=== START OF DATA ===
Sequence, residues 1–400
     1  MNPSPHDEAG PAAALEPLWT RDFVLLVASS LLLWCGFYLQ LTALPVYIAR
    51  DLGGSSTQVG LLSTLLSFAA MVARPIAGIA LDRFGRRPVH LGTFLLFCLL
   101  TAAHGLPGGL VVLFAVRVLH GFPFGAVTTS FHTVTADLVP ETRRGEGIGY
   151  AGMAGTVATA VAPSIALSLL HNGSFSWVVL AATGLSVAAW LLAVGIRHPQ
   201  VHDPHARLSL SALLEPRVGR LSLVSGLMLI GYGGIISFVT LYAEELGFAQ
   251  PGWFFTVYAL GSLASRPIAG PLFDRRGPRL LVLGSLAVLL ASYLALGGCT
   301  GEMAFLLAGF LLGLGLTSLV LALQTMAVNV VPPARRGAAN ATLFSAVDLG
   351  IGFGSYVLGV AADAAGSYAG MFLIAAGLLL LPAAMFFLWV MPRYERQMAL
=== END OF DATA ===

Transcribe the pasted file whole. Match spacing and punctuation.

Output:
Sequence, residues 1–400
     1  MNPSPHDEAG PAAALEPLWT RDFVLLVASS LLLWCGFYLQ LTALPVYIAR
    51  DLGGSSTQVG LLSTLLSFAA MVARPIAGIA LDRFGRRPVH LGTFLLFCLL
   101  TAAHGLPGGL VVLFAVRVLH GFPFGAVTTS FHTVTADLVP ETRRGEGIGY
   151  AGMAGTVATA VAPSIALSLL HNGSFSWVVL AATGLSVAAW LLAVGIRHPQ
   201  VHDPHARLSL SALLEPRVGR LSLVSGLMLI GYGGIISFVT LYAEELGFAQ
   251  PGWFFTVYAL GSLASRPIAG PLFDRRGPRL LVLGSLAVLL ASYLALGGCT
   301  GEMAFLLAGF LLGLGLTSLV LALQTMAVNV VPPARRGAAN ATLFSAVDLG
   351  IGFGSYVLGV AADAAGSYAG MFLIAAGLLL LPAAMFFLWV MPRYERQMAL